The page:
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Republican lawmakers sue to nullify election ballot proposals

Voters line up as the doors open to the Election Center for absentee early voting for the general election in Sterling Heights, Mich., Oct. 29, 2020.
David Goldman
/
AP
Voters line up as the doors open to the Election Center for absentee early voting for the general election in Sterling Heights, Mich., Oct. 29, 2020

Eleven Republican state lawmakers filed suit in federal court Thursday to invalidate two of Michigan’s recent constitutional amendments concerning elections.

One target is Prop 2018-3, which ushered in no-excuse absentee voting, and same-day and automatic voter registration. It also lent constitutional protections for straight-ticket voting. The proposal passed with slightly over two-thirds of the vote.

The second target is last year’s Prop 2022-2. That amendment created a nine-day early voting period, guaranteed the right to vote without photo identification by signing an affidavit and required state-funded postage for absentee ballots. Voters approved the referendum by a nearly two-to-one margin.

The lawsuit alleges both amendments, which got to the ballot via the petition process, unconstitutionally skipped legislative input. It argues both the U.S. Constitution and the Michigan Constitution give authority over election laws to state lawmakers.

“The petitioning and state ballot processes to amend the Michigan Constitution under Article XII, Section 2, when used to regulate the times, places, and manner of federal elections, are per se violations of legislators’ federal rights under the Elections Clause because the state legislators are not involved,” the lawsuit reads.

During a press conference announcing the lawsuit Thursday morning, the plaintiffs outlined their concerns with the amendments.

“The result we face now is a series of provisions that we believe have been improperly added to the Michigan Constitution. They purport to limit the ability of the Legislature to pass sensible election laws,” State Senator Jonathan Lindsey (R-Allen) said.

The lawsuit quickly received opposition from voting rights groups that had supported the amendments.

Michael Davis, Jr. is executive director for the group Promote the Vote, which sponsored both efforts. He said the efforts were ways for voters to “make their voting system more secure and accessible.”

“The power-hungry, anti-democratic forces behind this lawsuit seek to steal the power properly exercised by the voters of Michigan for themselves," Davis said in a written statement. "There’s not a chance in hell that Promote The Vote, our coalition partners, the courts or the voters of Michigan are going to let that happen."

Another group, Voters Not Politicians, which helped create the Michigan Independent Citizens Redistricting Commission in 2018, shared a similar sentiment. Programs director Kim Murphy-Kovalick called the lawsuit baseless.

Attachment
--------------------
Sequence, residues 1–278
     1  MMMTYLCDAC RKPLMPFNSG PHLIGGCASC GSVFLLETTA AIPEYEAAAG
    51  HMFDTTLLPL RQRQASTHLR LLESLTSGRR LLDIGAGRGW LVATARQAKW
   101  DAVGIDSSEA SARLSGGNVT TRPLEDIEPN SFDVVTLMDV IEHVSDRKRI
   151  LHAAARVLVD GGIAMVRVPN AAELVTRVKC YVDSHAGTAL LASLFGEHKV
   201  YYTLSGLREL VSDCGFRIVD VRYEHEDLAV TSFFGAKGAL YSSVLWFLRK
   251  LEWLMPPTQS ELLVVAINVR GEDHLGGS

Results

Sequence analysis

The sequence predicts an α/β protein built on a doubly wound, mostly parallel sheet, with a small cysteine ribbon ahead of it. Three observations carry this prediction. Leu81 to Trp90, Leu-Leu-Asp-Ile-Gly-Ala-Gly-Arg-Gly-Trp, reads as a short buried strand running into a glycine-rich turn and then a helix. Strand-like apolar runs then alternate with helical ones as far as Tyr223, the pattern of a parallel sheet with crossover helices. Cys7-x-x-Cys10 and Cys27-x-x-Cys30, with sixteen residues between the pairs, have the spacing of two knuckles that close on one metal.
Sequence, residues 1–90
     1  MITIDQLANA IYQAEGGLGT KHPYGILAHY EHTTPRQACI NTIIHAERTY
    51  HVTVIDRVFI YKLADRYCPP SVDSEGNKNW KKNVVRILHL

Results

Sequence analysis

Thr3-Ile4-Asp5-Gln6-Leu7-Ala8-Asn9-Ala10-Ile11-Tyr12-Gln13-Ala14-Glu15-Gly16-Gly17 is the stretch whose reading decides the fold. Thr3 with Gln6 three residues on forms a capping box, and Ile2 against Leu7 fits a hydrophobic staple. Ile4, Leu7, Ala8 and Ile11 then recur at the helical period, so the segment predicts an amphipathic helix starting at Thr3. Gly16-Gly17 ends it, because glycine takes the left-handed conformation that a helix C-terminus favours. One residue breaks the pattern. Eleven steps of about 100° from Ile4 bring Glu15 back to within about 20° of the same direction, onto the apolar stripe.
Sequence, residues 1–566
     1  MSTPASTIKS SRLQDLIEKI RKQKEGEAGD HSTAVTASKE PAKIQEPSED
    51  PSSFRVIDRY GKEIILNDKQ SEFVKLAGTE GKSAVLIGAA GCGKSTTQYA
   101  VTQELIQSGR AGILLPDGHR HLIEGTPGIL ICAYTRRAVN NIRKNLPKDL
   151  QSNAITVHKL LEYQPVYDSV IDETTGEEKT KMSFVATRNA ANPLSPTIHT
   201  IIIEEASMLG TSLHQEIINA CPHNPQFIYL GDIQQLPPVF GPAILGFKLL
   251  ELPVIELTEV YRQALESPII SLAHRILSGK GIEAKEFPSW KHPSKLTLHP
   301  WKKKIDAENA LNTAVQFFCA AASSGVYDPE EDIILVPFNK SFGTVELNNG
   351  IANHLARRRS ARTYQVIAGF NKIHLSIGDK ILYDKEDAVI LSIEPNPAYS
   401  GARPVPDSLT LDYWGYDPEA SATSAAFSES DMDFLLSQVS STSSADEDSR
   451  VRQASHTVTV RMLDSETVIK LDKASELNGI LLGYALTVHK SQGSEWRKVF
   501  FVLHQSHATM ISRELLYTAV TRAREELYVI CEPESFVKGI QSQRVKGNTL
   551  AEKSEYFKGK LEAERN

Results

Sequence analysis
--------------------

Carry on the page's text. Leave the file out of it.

“Just to continue to have this conversation being led by conspiracy theorists and far right fringe groups that want to curtail access to the ballot is ridiculous from top to bottom,” Murphy-Kovalick said.

But during Thursday morning’s press conference, supporters of the lawsuit claimed voters didn’t fully understand the ballot initiatives when they cast their votes. The group defended their legal action against the strong margins the amendments originally passed with.

“We’re actually the ones going out there and saying when the process is used to subvert the will of the people, we’re going to stand up and fight for them,” Lindsey said.

Lindsey said it wasn’t a matter of an issue with the ballot initiative process, but how the questions got to the ballot to begin with. He said the Legislature should have been able to decide whether to put the questions before voters since they dealt with the election process.

Lead attorney Erick Kaardal, who has been involved in several lawsuits with government entities throughout his career, including a losing challenge of the 2020 presidential election results, called the Michigan suit a civil rights issue. He claimed circumventing the Legislature infringed on lawmakers’ freedoms.

“We think this is nationally super important. It’s a great civil rights case on steroids. It’s just fantastic,” Kaardal told reporters.

The crux of his case falls on an interpretation of Article I, Section 4, Clause 1 of the U.S. Constitution, commonly referred to as the Elections Clause.

“The Times, Places and Manner of holding Elections for Senators and Representatives, shall be prescribed in each State by the Legislature thereof; but the Congress may at any time by Law make or alter such Regulations, except as to the Places of chusing Senators,” the section reads.

Congress’ own explanation of the clause notes that in 2015, the U.S. Supreme Court took an expansive view of the word “Legislature” in that clause. The court ruled in the Arizona State Legislature v. Arizona Independent Redistricting Commission case that “Legislature” could refer to a body with lawmaking power, including the people of Arizona.

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